Date of Award:

2002

Document Type:

Dissertation

Degree Name:

Doctor of Philosophy (PhD)

Department:

School of Teacher Education and Leadership

Advisor/Chair:

Ron Thorkildsen

Abstract

This monograph reports the results of a comprehensive study of teacher supply and demand conditions in Utah. This research was conducted under contract with the Utah State Office of Education. The objectives of this research were as follows: (a) analyze year 2000 staffing patterns of Utah schools and estimate the potential effects of future retirement on current teacher pools; (b) use enrollment projections and base-year pupil-teacher ratios to predict teacher need for each geographic area and content area; (c) assess the supply of educators from Utah colleges of education and identify reasons why newly prepared teachers do not teach in Utah; (d) assess rates of early attrition among new teachers and identify reasons why new teachers leave; (e) assess the extent of unqualified teaching in Utah schools; (f) compare results from this study with results of nationally representative research; (g) make recommendations for future data collection. Information for this study was obtained from the deans of Utah's colleges of education, the Utah State Office of Education teacher licensure database (CACTUS), Utah State Office of Education enrollment projections, Utah Governor's Office of Planning and Budget demographic projections, and two opinion surveys.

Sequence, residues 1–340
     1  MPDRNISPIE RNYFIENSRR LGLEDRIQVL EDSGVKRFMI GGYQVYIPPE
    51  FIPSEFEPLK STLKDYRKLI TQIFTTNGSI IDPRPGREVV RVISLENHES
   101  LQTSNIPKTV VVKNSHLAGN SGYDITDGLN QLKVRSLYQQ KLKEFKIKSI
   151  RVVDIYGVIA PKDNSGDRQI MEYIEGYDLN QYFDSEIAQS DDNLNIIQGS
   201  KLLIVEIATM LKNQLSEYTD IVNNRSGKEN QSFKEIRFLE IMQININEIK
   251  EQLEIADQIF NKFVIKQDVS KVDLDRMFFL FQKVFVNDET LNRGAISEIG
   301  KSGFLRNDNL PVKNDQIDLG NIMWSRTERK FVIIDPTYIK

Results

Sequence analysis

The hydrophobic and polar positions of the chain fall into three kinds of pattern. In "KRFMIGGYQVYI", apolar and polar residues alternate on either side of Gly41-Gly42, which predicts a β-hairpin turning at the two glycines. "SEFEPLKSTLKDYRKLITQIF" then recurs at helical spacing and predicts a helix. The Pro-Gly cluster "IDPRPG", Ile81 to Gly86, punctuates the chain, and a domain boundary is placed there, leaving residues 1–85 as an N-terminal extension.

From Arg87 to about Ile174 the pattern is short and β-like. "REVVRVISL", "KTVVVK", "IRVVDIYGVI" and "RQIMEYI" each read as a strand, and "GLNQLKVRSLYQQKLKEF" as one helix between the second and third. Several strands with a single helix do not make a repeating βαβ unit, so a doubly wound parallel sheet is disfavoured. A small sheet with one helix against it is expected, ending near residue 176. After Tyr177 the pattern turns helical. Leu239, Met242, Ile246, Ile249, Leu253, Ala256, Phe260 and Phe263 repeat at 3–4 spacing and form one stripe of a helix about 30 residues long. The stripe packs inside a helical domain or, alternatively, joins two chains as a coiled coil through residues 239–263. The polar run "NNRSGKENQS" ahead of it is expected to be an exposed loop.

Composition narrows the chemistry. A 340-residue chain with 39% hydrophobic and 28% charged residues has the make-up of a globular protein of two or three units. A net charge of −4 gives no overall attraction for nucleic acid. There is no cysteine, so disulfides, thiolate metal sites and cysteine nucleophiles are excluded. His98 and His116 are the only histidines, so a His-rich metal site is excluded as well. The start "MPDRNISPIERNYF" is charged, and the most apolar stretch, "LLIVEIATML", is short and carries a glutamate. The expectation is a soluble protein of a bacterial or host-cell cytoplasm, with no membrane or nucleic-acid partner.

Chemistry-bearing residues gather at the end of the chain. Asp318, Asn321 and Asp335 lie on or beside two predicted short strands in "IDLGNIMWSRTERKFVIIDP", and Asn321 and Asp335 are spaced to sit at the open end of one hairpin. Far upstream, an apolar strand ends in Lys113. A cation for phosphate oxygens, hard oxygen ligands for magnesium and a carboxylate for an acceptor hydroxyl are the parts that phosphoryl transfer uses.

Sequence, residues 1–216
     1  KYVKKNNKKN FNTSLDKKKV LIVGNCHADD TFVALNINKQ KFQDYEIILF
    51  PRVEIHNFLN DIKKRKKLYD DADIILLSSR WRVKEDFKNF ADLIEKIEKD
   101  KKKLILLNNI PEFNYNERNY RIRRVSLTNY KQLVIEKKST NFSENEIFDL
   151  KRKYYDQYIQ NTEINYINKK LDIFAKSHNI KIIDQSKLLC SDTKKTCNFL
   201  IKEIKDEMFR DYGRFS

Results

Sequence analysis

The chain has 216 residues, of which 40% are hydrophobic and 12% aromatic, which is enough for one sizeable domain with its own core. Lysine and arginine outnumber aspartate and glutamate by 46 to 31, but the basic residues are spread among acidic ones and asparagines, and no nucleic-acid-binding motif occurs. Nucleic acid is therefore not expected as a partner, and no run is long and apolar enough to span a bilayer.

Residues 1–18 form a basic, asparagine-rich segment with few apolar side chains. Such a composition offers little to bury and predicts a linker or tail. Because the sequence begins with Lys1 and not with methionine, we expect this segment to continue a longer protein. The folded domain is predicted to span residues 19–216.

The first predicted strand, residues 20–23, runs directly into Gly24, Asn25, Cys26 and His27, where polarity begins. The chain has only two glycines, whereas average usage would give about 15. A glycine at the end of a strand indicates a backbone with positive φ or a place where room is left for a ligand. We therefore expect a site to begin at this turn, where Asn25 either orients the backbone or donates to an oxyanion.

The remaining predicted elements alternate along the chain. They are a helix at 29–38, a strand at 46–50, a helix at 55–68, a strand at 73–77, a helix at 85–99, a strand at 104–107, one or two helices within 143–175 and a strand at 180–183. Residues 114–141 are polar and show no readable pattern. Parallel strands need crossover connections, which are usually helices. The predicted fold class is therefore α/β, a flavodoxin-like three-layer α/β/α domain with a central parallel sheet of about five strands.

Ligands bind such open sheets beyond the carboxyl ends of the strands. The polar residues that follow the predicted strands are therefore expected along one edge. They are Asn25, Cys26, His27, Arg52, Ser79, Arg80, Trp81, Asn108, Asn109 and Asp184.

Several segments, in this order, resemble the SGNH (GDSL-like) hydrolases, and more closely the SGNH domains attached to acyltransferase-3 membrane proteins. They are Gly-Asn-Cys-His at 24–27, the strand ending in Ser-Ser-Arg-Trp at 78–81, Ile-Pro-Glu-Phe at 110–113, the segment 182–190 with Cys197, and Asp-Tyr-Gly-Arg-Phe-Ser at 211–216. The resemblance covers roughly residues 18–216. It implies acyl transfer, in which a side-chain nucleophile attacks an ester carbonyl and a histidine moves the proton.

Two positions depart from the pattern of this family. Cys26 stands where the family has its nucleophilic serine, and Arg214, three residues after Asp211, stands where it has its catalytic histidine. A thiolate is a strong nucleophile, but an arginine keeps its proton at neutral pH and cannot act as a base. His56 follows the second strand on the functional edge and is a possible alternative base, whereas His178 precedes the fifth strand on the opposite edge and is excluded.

Results indicate that between 2001 and 2005 teacher need from enrollment growth will be greatest in elementary teaching and special education assignments; that approximately 50% of new teachers educated in Utah between 1995 and 1998 did not teach in Utah within 3 years, and that most of these graduates either did not seek a teaching position or sought but did not obtain a teaching position in Utah; that 40% of new Utah teachers leave their positions during the first five years of employment, but that few leave because of dissatisfaction with teaching; that most former teachers and nonteaching graduate s would consider teaching in Utah in the future; and that nearly 5% of teachers statewide have not been formally qualified for their assignments. Comparisons with findings from nationally representative studies reveal that the reasons for attrition among Utah educators are very similar to those of educators in other parts of the nation. This report concludes with a set of recommendations for making ongoing assessments of Utah teacher supply and demand conditions.

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